Parool says the drink tastes bitter and the extra powder that needs to be added tastes salty. As long as you drink the product together with the same amount of water and alternate, it should do the trick. However, it does seem a lot to ask of someone before they go to bed drunk. You could also try and drink less, as the effects of a hangover are your body trying to send you a clear message about what you’re pouring into yourself.
(Link: www.amsterdamredlightdistricttour.com, Photo: Hangover Information Center)
Tags: alcohol, hangover, water
Belgian engineering student Alec Momont, a graduate at the Delft University of Technology, has developed an ‘ambulance drone’, a defibrillator which can fly at 100 km/h able to reach heart attack victims very quickly. It uses the GPS of emergency calls to navigate.
This drone or ‘Unmanned Aerial Vehicle’ (UAV), can get a defibrillator to a patient within a 12 km2 zone within a minute, reducing the chance of survival from 8 percent to 80 percent. Momont explains that it is the relatively long response time of emergency services of around 10 minutes, while brain death and fatalities occur with four to six minutes, which makes the fatality rate so high.
I’m easily convinced. It reminds me of an evening in the pub recently chatting outdoors and watching an ambulance trying to find an address in Amsterdam West with their GPS but having to ask us for directions. The police was following them, got lost as well and asked us for those same directions. I’m sure that wasted at least 10 minutes.
One drone is expected to cost around 15,000 euro and could also carry other medical tools.
Tags: Delft University of Technology, drone
Sport experts from the University Medical Center Groningen and the University of Groningen have concluded that girls between the ages of 13 and 19 don’t do enough sports at school. The problem is that the emphasis is on sports that require balls (football, basketball and volleyball, etc.) and not on what girls actually would like to be doing like dancing, zumba or horseback riding (not all that posh here). Schools seem to be pushing competitive group sports and the girls seem to want individual sports, at least in this article.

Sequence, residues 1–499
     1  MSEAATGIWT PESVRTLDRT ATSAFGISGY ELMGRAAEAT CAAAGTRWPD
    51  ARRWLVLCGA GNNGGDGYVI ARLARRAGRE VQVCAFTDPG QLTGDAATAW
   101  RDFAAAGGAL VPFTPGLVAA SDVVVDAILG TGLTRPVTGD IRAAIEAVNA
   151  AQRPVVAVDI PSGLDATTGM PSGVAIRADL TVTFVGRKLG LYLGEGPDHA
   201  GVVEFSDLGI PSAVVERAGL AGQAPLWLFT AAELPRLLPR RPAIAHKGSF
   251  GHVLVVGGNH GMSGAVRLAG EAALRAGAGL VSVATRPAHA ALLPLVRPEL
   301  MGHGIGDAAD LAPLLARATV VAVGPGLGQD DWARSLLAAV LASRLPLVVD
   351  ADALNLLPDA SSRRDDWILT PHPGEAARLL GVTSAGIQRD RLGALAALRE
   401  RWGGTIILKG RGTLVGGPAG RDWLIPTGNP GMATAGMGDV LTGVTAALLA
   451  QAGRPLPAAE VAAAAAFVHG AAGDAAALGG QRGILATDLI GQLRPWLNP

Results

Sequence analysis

What do some experts suggest? Separating the boys and the girls for gym class, which goes against many principles and proper social integration.
Here’s a crazy idea: what about offering something girls would actually like and making the boys follow suit for a change? Is pushing an outdated agenda that makes girls unhappy but keeps boys busy really a proper option?
If I had my way, I’d get all the girls and the boys who want to join on roller skates because it’s super fun and trendy. Or more skip rope, if that is not already being done because boys can pretend they are training to be boxers and girls can show off and even play in groups like at recess.
More co-ed suggestions? Boxing, kick boxing, aerobics, yoga, capoeira, ice skating, you name it.
But for the love of future generations experts have to stop acting like what boys do and want is normal and what girls want is some sort of problem to be solved. I won’t even get into the boys who would rather do something else for a change, either.
Tags: football, girls, Groningen, roller skates, University of Groningen
The youth wing of the Democrats 66 (aka D66) has announced plans to hand out free ecstasy (XTC) pills in some big cities, including Amsterdam, Rotterdam and Utrecht over the next two weeks. The goal is to demonstrate that it is better to take XTC freely, as in, still illegal but turning a blind eye to it like with marijuana and other ‘soft drugs’ than ingest bad quality pills. Since XTC often needs to be tested, some of us are thinking, ‘well just don’t use it then’, but the reality is people will continue to do so and some will die.
With King’s Day around the corner and festival season about to kick off, D66 wants to make drug use safer and have it regulated rather than remain illegal and hazardous even deadly for people’s health. Since everything has a price, these free pills will be covered by excise taxes, or duties.